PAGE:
The government announced a “sector deal” for the artificial intelligence industry today, which it says is worth £1 billion. About a third of that comes in the form of public funding and a third from new private sector investment, the rest being a mixture of expansions and in-kind contributions.
Matt Hancock, the congenitally connected culture secretary, says: “Artificial Intelligence is at the centre of our plans to make the UK the best place in the world to start and grow a digital business. We have a great track record and are home to some of the world’s biggest names in AI like Deepmind, Swiftkey and Babylon, but there is so much more we can do.”
Britain really does have a crack at world leadership in this stuff, but it won’t be easy and this latest announcement is only the start.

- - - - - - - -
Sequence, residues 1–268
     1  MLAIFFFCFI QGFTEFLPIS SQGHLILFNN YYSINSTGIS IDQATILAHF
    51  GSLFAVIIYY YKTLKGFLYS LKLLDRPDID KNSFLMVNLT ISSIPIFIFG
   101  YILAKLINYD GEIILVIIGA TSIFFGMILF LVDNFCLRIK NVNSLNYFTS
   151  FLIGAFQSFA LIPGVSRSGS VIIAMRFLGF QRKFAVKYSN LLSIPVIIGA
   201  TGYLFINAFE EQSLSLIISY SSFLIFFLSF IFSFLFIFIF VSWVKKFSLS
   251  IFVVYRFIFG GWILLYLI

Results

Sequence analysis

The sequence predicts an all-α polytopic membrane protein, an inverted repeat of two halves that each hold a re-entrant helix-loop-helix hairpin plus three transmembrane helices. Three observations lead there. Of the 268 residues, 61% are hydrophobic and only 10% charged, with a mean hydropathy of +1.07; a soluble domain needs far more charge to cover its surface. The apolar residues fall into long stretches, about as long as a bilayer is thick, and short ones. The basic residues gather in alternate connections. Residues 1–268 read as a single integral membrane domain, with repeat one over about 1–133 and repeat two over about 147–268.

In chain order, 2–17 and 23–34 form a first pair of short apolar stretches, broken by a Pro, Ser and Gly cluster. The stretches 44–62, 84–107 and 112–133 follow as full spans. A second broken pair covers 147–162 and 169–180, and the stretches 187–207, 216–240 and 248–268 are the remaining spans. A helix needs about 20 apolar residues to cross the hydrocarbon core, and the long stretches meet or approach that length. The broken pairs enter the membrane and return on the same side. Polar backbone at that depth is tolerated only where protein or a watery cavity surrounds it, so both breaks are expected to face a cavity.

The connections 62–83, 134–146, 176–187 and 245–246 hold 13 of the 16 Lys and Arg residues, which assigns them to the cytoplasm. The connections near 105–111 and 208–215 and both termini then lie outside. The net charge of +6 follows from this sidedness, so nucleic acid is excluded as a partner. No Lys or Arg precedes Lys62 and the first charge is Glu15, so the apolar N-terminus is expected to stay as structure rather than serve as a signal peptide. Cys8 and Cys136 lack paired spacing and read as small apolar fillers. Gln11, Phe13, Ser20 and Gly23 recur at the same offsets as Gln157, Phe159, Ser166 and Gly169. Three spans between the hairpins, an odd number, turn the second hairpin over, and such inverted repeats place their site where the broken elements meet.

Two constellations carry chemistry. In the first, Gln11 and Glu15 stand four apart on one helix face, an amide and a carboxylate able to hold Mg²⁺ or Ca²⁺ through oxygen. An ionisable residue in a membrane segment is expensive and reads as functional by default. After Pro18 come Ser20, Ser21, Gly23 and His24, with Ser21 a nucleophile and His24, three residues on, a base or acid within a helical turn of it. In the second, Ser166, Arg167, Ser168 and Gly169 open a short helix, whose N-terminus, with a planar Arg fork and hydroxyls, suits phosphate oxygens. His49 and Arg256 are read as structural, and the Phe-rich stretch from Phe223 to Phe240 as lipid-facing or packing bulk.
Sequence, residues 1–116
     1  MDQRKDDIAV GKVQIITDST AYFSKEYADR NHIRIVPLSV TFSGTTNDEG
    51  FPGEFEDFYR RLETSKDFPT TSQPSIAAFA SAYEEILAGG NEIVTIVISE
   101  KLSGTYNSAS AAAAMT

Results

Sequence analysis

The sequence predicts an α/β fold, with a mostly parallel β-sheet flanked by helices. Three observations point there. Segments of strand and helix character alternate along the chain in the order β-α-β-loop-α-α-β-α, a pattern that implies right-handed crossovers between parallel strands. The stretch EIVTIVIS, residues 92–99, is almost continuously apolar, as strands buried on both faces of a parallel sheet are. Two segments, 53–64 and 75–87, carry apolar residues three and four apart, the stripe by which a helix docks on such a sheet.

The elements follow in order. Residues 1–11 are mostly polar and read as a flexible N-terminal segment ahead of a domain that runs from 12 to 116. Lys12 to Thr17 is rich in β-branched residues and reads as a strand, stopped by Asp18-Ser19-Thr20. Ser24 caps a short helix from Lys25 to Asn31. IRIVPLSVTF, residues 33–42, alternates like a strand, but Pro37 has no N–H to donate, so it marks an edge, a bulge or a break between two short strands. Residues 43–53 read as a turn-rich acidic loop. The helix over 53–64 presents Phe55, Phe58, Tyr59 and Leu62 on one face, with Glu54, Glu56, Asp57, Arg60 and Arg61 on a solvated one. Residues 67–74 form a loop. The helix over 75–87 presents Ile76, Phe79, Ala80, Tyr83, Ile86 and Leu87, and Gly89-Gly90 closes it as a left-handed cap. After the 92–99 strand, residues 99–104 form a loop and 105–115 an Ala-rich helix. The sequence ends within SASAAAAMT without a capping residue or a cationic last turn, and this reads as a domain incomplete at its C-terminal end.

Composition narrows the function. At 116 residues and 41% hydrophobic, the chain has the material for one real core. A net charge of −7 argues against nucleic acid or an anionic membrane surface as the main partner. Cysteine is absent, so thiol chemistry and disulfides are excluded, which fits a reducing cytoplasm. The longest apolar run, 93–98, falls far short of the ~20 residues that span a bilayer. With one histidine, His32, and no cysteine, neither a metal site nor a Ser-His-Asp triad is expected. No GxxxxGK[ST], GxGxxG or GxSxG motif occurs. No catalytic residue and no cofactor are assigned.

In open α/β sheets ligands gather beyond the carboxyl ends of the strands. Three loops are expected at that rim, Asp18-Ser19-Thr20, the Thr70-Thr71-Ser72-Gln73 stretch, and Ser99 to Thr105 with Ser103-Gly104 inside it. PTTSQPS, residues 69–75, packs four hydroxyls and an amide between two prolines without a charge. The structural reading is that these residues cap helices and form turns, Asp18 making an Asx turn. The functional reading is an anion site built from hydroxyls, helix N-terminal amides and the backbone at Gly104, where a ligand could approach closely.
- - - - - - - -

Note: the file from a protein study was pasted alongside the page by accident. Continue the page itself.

Let’s count our advantages. We have a vigorous tech startup culture, unleashed by reforms to taxes for both entrepreneurs and investors brought in by the coalition government.
Last year about 600,000 new firms were created. Tech startups attracted more funding than in any other European country and early-stage companies attracted about £3 billion in investment, almost double the total for 2016.
It’s possible, in other words, that there is the sort of explosion of commercial and academic experiments going on here that places like Silicon Valley and Boston have experienced in the past. The critical mass of researchers and entrepreneurs in London, with lots of rich lawyers, doctors, accountants and oligarchs to sell their wares to, sometimes makes even Californians envious.
Britain’s video-game industry, for example, may sound trivial, but it’s surprisingly good at finding new ways of doing things that can be applied elsewhere. We’re a more digitally connected country than Germany or France and we (mostly) speak the American language.